Bitcoin vs. Ethereum
Ether (ETH), the cryptocurrency of the Ethereum network, is arguably the second most popular digital token after bitcoin (BTC). Indeed, as the second-largest cryptocurrency by market cap, comparisons between Ether and BTC are only natural.
Ether and bitcoin are similar in many ways: each is a digital currency traded via online exchanges and stored in various types of cryptocurrency wallets. Both of these tokens are decentralized, meaning that they are not issued or regulated by a central bank or other authority. Both make use of the distributed ledger technology known as blockchain. However, there are also many crucial distinctions between the two most popular cryptocurrencies by market cap. Below, we’ll take a closer look at the similarities and differences between bitcoin and ether.
- Bitcoin signalled the emergence of a radically new form of digital money that operates outside the control of any government or corporation.
- With time, people began to realize that one of the underlying innovations of bitcoin, the blockchain, could be utilized for other purposes.
- Ethereum proposed to utilize blockchain technology not only for maintaining a decentralized payment network but also for storing computer code which can be used to power tamper-proof decentralized financial contracts and applications.
- Ethereum applications and contracts are powered by ether, the Ethereum network’s currency.
- Ether was intended to complement rather than compete with bitcoin, but it has nonetheless emerged as a competitor on cryptocurrency exchanges.
While both the Bitcoin and Ethereum networks are powered by the principle of distributed ledgers and cryptography, the two differ technically in many ways. For example, transactions on the Ethereum network may contain executable code, while data affixed to Bitcoin network transactions are generally only for keeping notes. Other differences include block time (an ether transaction is confirmed in seconds compared to minutes for bitcoin) and the algorithms that they run on (Ethereum uses ethash while Bitcoin uses SHA-256).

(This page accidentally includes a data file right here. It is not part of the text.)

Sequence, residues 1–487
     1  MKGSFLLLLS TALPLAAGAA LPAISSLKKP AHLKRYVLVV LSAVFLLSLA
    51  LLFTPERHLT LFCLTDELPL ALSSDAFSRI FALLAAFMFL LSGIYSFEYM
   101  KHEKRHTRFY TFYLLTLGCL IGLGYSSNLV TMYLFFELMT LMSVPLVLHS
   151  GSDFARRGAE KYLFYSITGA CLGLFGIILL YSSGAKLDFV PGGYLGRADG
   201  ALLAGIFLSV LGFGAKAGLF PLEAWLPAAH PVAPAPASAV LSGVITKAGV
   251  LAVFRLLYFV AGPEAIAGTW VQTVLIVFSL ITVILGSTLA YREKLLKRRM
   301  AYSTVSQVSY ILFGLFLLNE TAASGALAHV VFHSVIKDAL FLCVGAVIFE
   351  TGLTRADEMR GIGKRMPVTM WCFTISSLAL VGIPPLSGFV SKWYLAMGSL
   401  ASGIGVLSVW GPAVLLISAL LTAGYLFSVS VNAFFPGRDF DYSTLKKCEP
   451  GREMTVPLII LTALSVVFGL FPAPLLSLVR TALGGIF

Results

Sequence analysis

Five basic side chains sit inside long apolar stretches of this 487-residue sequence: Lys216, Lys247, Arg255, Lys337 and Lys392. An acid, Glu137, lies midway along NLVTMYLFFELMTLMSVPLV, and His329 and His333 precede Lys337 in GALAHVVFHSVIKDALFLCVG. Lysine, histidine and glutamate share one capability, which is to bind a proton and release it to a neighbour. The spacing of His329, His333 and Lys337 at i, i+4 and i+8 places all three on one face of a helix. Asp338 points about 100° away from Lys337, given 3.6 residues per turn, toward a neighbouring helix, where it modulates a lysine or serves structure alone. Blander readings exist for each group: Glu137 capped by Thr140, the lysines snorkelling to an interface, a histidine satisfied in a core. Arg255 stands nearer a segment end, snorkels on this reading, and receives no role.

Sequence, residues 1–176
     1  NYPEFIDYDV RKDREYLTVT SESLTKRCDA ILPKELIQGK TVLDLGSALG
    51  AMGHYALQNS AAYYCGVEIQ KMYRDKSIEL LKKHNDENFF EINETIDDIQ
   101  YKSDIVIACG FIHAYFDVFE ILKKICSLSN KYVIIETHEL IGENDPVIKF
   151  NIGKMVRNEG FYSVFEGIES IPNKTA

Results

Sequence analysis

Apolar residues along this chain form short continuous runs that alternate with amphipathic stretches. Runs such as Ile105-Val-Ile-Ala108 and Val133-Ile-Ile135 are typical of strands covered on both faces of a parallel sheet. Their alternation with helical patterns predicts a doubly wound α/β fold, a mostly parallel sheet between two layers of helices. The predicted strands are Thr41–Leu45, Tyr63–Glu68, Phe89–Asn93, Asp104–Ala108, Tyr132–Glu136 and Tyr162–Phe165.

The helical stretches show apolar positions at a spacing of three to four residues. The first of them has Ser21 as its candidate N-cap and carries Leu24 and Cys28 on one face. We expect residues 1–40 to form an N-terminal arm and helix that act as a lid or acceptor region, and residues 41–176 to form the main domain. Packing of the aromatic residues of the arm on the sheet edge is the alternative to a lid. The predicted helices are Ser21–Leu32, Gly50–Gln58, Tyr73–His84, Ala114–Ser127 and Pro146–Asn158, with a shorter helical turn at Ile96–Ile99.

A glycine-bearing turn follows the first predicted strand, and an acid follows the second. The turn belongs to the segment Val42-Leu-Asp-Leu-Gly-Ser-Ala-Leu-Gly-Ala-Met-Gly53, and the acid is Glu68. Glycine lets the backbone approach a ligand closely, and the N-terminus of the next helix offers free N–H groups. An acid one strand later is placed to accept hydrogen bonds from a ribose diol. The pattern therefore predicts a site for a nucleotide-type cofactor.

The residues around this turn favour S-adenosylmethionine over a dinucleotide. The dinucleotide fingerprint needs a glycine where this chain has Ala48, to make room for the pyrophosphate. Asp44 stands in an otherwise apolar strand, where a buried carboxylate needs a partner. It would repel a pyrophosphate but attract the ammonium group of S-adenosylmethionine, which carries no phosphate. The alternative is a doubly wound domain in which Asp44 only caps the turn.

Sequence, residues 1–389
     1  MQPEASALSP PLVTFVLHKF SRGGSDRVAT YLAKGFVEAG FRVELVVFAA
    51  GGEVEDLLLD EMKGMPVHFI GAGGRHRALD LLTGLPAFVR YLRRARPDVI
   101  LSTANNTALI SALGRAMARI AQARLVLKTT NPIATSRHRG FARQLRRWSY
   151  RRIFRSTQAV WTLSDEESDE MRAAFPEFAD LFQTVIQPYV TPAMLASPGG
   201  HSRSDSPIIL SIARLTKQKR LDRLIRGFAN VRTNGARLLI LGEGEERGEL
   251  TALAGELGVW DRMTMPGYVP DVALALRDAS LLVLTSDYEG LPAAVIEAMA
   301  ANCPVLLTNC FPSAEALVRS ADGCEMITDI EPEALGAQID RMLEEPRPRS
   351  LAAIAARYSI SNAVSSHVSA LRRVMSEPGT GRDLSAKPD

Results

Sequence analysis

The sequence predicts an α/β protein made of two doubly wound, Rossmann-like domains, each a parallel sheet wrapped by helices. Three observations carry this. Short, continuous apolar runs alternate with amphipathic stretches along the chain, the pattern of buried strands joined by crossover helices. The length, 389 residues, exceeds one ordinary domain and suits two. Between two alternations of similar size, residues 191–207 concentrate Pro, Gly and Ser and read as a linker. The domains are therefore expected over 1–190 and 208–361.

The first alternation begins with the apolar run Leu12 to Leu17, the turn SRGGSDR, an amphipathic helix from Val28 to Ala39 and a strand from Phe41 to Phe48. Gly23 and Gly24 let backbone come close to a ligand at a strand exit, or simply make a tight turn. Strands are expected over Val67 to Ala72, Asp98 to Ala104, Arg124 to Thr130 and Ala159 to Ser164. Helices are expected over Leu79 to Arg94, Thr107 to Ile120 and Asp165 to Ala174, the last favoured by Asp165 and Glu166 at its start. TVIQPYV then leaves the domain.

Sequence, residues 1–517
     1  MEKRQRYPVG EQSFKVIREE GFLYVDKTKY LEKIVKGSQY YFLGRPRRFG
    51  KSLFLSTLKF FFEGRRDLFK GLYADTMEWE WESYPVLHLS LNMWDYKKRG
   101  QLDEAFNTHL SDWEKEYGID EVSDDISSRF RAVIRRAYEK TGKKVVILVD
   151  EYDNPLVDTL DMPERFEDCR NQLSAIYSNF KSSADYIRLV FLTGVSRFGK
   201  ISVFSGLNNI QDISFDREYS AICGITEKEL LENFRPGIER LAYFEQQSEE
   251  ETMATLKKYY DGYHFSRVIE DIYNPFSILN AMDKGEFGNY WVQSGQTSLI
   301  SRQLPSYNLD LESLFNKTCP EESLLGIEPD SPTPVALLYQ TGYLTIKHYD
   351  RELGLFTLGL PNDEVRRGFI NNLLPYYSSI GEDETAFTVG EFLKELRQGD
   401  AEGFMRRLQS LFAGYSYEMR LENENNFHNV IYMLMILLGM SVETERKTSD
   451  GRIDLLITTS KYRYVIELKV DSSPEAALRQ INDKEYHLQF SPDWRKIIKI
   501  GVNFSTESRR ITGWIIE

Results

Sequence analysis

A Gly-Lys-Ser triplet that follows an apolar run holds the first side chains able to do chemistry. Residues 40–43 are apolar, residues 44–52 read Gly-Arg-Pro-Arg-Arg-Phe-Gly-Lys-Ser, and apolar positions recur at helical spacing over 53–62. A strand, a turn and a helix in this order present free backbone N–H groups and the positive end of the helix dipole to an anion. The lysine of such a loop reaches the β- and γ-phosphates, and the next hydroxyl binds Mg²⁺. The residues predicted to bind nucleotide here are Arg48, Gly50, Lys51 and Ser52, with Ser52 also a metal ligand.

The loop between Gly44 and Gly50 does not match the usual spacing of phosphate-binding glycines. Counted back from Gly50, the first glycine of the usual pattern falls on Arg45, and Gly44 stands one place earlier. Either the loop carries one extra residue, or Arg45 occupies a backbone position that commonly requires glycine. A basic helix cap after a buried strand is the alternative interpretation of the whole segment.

More importantly, though, the Bitcoin and Ethereum networks are different with respect to their overall aims. While bitcoin was created as an alternative to national currencies and thus aspires to be a medium of exchange and a store of value, Ethereum was intended as a platform to facilitate immutable, programmatic contracts, and applications via its own currency.
BTC and ETH are both digital currencies, but the primary purpose of ether is not to establish itself as an alternative monetary system, but rather to facilitate and monetize the operation of the Ethereum smart contract and decentralized application (dapp) platform.
Ethereum is another use-case for a blockchain that supports the Bitcoin network, and theoretically should not really compete with Bitcoin. However, the popularity of ether has pushed it into competition with all cryptocurrencies, especially from the perspective of traders. For most of its history since the mid-2015 launch, ether has been close behind bitcoin on rankings of the top cryptocurrencies by market cap. That being said, it’s important to keep in mind that the ether ecosystem is much smaller than bitcoin’s: as of January 2020, ether’s market cap was just under $16 billion, while bitcoin’s is nearly 10 times that at more than $147 billion.